British GDP growth grinds to halt in August

 
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After a stronger start growth stagnated in the late summer, early estimates suggest (Source: Getty)

The British economy did not grow appreciably in August, according to early estimates, after a performance earlier in the summer which was stronger than previously thought.


GDP growth for the month came in at zero per cent, the Office for National Statistics (ONS) said. That followed upwardly revised readings of 0.2 per cent growth in June and 0.4 per cent in July.

The rolling three-month growth rate – the less volatile measure preferred by economists – came in at 0.7 per cent because of the earlier upgrades, leaving it unchanged month-on-month and still pointing to the best calendar quarter in almost two years between July and September.

The three-month trend data shows a varied performance by the UK economy in the past year, with output actually falling in February to April, as the "Beast from the East" storms froze activity, before snapping back over the summer.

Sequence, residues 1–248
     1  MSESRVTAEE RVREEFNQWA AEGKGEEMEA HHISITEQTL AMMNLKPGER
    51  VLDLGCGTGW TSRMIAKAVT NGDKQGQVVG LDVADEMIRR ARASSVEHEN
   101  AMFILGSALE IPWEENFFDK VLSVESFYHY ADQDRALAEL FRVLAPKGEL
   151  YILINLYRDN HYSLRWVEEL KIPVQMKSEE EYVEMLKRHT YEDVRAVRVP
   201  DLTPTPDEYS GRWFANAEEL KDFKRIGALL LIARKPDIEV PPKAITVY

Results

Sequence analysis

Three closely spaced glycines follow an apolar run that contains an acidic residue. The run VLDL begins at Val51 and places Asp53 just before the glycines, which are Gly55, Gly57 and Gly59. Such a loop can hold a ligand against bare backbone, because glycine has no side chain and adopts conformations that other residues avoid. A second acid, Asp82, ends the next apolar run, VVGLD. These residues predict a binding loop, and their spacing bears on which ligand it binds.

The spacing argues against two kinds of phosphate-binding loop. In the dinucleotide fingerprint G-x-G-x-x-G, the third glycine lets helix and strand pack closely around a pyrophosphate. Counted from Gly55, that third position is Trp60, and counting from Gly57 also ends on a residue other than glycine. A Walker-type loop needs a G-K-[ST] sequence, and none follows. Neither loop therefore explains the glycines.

"Overall, the pattern of UK growth this year has been heavily affected by the weather," said John Hawksworth, chief economist at PwC. "But aside from these seasonal variations, the underlying trend is for moderate UK growth at a rate of around 1.5 per cent per annum. This is somewhat below its longer term trend rate of around two per cent and reflects the continued drag on business investment in particular from Brexit-related uncertainty."


The services sector grew by 1.6 per cent in June to August compared with the same period last year, which the ONS described as "subdued". Services account for around four-fifths of the British economy's output, and were responsible for the lion's share, 0.42 percentage points, of growth from June to August.

Nevertheless, the early monthly reading – known to be volatile because of a relative lack of hard data – came in lower than expected by economists' consensus expectations of 0.1 per cent. Both manufacturing and construction output for the month fell, while the services sector was broadly flat.

Jacob Nell and Bruna Skarica, economists at Morgan Stanley, described the August data as a "small downside miss", and said growth could come in above the Bank of England's latest forecasts for the third quarter because of the earlier revisions.

"With upside risks to the MPC's third-quarter 0.4 per cent forecast, recent stronger-than-expected inflation prints and robust labour market data, we think the MPC's message next month will be hawkish," they said.